University of California Institute of Transportation Studies
Monitoring the Cost Effectiveness of the Caltrans Freeway Service Patrol (FSP) SB1 Funded Expansion
- Author(s): Mauch, Michael
- Skabardonis, Alexander
- McKeever, Benjamin
- et al.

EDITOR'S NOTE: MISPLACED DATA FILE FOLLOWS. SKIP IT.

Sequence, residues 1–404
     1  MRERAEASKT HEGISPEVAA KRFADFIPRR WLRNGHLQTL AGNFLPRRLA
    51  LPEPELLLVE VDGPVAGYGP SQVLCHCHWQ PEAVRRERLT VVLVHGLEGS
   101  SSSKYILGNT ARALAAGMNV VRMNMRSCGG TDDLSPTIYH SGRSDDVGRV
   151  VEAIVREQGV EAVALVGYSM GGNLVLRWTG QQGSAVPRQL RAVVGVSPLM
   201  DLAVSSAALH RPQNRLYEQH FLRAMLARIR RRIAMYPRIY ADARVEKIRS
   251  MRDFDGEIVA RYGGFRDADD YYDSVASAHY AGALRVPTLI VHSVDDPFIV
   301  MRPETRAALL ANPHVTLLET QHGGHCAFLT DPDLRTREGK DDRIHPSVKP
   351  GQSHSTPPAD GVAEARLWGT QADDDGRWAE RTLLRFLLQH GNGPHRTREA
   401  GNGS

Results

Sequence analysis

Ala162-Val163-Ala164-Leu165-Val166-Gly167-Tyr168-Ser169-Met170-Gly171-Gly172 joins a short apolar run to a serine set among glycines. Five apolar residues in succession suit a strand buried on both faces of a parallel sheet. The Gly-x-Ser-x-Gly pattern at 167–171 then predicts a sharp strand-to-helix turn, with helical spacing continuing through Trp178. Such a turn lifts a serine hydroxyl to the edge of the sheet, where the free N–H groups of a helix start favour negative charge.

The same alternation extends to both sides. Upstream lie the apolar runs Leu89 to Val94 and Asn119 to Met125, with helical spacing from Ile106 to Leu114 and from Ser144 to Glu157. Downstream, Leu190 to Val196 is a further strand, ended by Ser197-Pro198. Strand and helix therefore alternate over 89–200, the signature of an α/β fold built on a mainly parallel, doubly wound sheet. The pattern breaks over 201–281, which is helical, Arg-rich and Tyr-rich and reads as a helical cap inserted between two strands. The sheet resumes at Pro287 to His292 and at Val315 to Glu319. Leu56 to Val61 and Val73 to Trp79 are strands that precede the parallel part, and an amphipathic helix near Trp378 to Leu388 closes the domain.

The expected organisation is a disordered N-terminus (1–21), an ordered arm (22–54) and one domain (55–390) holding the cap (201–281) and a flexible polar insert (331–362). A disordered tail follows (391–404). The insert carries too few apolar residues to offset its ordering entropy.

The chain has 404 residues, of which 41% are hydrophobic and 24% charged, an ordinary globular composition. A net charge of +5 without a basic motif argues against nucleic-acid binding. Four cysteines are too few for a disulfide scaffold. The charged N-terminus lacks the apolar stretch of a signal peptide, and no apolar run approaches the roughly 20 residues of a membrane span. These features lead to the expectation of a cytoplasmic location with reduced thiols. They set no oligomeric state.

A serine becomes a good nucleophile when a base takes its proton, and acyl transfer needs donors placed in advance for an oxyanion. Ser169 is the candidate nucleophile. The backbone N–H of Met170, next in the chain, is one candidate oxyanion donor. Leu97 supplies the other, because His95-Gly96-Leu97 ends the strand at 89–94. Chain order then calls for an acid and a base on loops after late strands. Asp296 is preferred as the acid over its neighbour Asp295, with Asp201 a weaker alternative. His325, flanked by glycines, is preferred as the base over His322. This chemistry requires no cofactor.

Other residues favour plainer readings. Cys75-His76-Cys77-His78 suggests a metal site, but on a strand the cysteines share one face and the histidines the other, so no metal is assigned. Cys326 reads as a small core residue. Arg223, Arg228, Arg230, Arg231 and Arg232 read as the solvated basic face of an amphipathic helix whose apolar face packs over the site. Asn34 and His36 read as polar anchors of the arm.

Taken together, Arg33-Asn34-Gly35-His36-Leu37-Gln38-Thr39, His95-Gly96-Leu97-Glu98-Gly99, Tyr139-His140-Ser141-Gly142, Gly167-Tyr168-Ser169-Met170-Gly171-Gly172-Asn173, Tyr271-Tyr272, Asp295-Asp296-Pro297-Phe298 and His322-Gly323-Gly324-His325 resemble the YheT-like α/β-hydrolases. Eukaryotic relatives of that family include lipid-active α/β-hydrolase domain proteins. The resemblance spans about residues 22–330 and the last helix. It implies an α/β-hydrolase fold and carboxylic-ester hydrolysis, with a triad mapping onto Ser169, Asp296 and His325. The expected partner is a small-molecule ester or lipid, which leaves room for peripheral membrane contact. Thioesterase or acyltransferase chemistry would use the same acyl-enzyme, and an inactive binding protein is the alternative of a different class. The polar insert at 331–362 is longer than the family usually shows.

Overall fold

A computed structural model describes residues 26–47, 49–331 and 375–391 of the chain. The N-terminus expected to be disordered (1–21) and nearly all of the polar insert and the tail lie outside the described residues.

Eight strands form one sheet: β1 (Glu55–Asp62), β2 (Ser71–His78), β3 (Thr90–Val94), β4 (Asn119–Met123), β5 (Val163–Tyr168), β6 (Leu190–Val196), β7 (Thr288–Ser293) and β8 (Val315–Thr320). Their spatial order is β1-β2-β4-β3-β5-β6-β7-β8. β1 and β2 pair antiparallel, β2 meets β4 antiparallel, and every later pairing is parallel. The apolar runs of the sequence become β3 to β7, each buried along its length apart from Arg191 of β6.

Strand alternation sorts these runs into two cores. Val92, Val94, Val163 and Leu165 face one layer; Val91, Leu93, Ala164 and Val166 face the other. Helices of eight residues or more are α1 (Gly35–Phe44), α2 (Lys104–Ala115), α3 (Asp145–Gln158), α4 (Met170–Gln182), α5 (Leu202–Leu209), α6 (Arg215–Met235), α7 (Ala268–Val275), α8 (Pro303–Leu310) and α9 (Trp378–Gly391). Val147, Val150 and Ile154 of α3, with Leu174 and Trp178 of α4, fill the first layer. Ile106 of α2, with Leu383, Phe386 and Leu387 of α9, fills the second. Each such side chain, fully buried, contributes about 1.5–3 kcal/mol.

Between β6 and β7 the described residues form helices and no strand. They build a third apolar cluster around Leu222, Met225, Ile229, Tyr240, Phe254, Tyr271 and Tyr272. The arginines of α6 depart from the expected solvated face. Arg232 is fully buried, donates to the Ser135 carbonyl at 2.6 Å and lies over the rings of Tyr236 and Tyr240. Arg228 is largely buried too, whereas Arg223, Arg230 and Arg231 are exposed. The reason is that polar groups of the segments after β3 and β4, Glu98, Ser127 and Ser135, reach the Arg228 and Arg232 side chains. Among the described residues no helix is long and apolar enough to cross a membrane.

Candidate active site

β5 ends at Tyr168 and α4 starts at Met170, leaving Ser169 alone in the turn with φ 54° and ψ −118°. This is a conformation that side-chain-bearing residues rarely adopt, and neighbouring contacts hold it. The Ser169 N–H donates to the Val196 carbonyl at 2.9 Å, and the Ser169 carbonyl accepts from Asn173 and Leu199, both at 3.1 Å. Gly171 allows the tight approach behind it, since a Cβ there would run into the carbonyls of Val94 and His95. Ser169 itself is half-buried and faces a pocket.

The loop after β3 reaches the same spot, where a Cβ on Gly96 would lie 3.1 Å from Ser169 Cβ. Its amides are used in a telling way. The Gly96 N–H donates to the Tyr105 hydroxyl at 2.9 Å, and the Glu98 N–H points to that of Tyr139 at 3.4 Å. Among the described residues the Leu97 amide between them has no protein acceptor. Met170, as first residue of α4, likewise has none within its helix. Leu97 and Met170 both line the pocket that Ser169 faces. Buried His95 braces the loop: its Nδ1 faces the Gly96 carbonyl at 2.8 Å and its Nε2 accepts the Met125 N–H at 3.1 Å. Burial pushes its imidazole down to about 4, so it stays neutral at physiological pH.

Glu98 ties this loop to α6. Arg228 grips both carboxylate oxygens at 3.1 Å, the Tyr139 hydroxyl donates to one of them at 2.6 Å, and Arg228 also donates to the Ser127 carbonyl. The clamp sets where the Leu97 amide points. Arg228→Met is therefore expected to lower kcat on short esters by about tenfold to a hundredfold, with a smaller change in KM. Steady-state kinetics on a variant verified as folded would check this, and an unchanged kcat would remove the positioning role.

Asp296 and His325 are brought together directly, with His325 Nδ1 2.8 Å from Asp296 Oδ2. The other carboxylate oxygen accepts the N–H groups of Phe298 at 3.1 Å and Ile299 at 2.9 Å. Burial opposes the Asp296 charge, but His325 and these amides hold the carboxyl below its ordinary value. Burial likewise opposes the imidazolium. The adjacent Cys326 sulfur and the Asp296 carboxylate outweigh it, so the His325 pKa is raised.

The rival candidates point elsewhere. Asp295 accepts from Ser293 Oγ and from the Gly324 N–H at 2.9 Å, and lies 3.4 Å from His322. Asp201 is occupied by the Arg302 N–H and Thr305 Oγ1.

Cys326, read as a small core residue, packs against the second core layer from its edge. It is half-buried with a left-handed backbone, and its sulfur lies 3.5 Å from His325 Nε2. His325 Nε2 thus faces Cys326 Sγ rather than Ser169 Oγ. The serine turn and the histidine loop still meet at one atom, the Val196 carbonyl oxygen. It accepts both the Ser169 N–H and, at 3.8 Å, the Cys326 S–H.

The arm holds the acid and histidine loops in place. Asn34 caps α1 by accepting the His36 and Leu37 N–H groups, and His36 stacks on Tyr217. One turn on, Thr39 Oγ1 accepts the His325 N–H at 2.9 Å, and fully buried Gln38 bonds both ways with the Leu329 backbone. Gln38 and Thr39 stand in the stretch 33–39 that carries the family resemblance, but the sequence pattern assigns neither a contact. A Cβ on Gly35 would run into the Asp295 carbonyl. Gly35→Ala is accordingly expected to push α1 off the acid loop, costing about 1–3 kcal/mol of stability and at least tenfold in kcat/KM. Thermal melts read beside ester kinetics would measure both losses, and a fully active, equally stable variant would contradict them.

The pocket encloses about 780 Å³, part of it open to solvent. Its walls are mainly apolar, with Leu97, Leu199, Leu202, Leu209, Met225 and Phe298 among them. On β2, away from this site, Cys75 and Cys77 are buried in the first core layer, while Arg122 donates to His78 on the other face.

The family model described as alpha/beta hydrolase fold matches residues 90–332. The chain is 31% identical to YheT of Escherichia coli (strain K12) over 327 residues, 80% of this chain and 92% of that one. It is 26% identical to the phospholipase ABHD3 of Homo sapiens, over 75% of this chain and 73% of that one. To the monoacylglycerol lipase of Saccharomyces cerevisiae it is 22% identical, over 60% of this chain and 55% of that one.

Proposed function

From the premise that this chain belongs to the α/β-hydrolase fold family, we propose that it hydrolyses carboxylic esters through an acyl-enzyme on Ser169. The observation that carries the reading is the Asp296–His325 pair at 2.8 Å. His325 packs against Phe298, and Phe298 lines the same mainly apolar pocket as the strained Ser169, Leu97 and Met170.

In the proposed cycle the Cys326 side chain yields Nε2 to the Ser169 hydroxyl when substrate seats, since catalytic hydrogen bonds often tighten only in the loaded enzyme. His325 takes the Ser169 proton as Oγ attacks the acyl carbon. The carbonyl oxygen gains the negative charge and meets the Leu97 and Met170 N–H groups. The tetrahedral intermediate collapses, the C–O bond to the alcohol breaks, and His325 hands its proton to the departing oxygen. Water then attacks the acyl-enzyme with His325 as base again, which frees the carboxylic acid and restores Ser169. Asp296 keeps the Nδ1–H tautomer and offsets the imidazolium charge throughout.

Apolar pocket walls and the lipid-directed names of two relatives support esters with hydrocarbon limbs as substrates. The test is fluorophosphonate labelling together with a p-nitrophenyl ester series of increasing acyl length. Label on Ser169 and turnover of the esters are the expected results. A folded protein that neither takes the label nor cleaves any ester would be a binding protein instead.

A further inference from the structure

California’s Freeway Service Patrol (FSP) is a congestion mitigation program managed in partnership with metropolitan planning organizations (MPOs), CHP and Caltrans on California’s urban freeways. The program utilizes a fleet of roving tow and service trucks designed to reduce traffic congestion by efficiently getting disabled vehicles running again, or by quickly towing those vehicles off of the freeway to a designated safe location. Quickly removing motorists and their disabled vehicles from the freeway reduces the chances of further incidents caused by onlookers and impatient drivers. In addition, FSP helps save fuel and reduce air polluting emissions by reducing stop-and-go traffic. California’s Road Repair and Accountability Act (SB 1) invests $5.4 billion annually over the next decade to help fix and repair California’s transportation system. It will address a backlog of repairs and upgrades, while ensuring a cleaner and more sustainable travel network for the future. California’s Freeway Service Patrol received SB 1 funding to expand its service to motorist across California’s congested freeways. In its first year of implementation (fiscal year 2018-19), the SB 1 funded FSP program expansion provided over 118,000 assists to California’s motorists. The SB 1 funded FSP expansions provided almost $47M dollars in benefits to motorists, while costing the State under $9M. On average, the SB 1 funded FSP expansions provided 5 times as much benefit to California’s motorists as these expansions cost the State.